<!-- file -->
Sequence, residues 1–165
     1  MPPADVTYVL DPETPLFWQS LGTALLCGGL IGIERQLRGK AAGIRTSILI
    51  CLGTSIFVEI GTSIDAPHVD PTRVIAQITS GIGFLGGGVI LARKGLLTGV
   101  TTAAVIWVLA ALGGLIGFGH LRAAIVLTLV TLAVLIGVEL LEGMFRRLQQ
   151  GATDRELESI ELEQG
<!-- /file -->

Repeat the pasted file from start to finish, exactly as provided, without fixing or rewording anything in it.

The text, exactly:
Sequence, residues 1–165
     1  MPPADVTYVL DPETPLFWQS LGTALLCGGL IGIERQLRGK AAGIRTSILI
    51  CLGTSIFVEI GTSIDAPHVD PTRVIAQITS GIGFLGGGVI LARKGLLTGV
   101  TTAAVIWVLA ALGGLIGFGH LRAAIVLTLV TLAVLIGVEL LEGMFRRLQQ
   151  GATDRELESI ELEQG